video-banner
none

WE’LL ALWAYS HAVE PARIS

08-08-2018
by 
in 

When Donald Trump withdrew the USA from the Paris Accord on Climate Change, he gave climate change sceptics around the world a barrage of ammunition with which to derail their own national initiatives. And yet the ammunition remains unfired.

The remainder of the world remains on track to meet (or in most cases beat) the CO2 targets they set and agreed. And – get this – the USA will meet its emissions reduction target with years to spare.

That was never the problem. Trump’s issue with the Paris Accord was that the world’s developed nations are expected to provide financial support for emissions reductions in developing nations.

For a newly elected president keen to be seen to be reducing his nation’s overseas aid bill, this was as easy a decision as it has been to harangue the other members of NATO for not being perceived as pulling their weight.

So it is particularly unfortunate that certain factions within Australia should take the view that “if it’s good enough for the USA, it’s good enough for us”, citing Trump doctrine as being relevant to solving the nation’s energy price crisis.

These are the same factions who cherry-pick soundbites from carefully researched reports and use them to justify their point of view.

Little wonder that Australia’s Chief Scientist Alan Finkel was so outraged when his almost throwaway line that Australia’s emissions reductions would have negligible effect on the global climate was seized on as an excuse to do nothing.

The facts are that Australia will easily achieve its CO2 reductions agreed under the Paris Accord, regardless of any changes to government policy. The targets were set low enough to be attainable.

What is really worrying though is the latest research that suggests other mechanisms of climate change are at work that could well be triggered by the existing levels of human-induced global warming. These so-called natural “feedback” processes have the potential drive further warming - even if we stop emitting greenhouse gases.

Naturally, it is important when talking about climate science to differentiate between theory and scientific observation, and the feedback process theory is currently just that.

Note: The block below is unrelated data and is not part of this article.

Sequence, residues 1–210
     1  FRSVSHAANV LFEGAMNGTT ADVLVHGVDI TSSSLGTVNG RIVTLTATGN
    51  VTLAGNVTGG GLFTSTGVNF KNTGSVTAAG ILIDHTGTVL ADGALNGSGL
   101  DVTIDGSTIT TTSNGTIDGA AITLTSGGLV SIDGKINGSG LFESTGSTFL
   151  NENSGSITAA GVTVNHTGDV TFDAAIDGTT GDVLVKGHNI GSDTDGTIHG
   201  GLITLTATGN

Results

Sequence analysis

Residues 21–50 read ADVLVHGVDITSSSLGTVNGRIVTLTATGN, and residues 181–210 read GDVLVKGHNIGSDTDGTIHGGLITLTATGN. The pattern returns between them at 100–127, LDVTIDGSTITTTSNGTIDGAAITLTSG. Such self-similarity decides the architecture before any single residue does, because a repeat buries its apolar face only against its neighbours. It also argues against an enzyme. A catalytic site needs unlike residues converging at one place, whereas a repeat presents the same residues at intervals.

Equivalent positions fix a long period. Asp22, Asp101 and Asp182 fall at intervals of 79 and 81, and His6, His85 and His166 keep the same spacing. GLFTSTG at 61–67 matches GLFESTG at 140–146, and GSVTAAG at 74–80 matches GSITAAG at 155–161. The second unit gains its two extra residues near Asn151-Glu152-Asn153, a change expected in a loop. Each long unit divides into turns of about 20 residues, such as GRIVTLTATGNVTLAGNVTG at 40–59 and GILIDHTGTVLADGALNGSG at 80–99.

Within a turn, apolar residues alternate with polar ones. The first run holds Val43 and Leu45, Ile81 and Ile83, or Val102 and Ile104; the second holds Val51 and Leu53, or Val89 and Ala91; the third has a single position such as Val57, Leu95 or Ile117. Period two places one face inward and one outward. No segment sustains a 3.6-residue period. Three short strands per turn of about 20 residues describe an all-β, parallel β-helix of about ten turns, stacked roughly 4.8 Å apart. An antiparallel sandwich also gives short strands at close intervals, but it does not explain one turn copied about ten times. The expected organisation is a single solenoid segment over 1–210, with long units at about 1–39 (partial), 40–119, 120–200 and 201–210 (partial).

But I wouldn’t want to be around if this theory was to become fact.

Related news & editorials

  1. 08.10.2019
    08.10.2019
    by      In
    These are strange days in which we live. So many of the great trading nations of the world have begun to “shut up shop” that the accepted global economic paradigms are beginning to have a very hollow ring.
    The post-WWII acceptance that free trade does more to bring nations together and to generate... Read More
  2. 16.08.2019
    16.08.2019
    by      In
    Over the past few days I’ve been looking at some of the good work done by the manufacturing community in supporting charitable initiatives, both at home and abroad. Many of the stories are deeply heart-warming, and we will be sharing them in the Community section of the magazine in the coming... Read More
  3. 19.06.2019
    19.06.2019
    by      In
    I must admit that I’m not a massive fan of Australian politics in particular or in any kind of two-party system. And populist election victories around the world in recent years suggest that I am not alone in this sentiment.
    One inevitable problem of the duopoly appears to be the continual fighting... Read More
  4. 18.04.2019
    18.04.2019
    by      In
    Kermit the Frog may have famously said (and sang) that it isn’t easy being green. However, it seems that in 2019 Australia green may well be the new black.
    Politicians of all shades seem to have finally appreciated that the Australian public really does care about the environment, with climate... Read More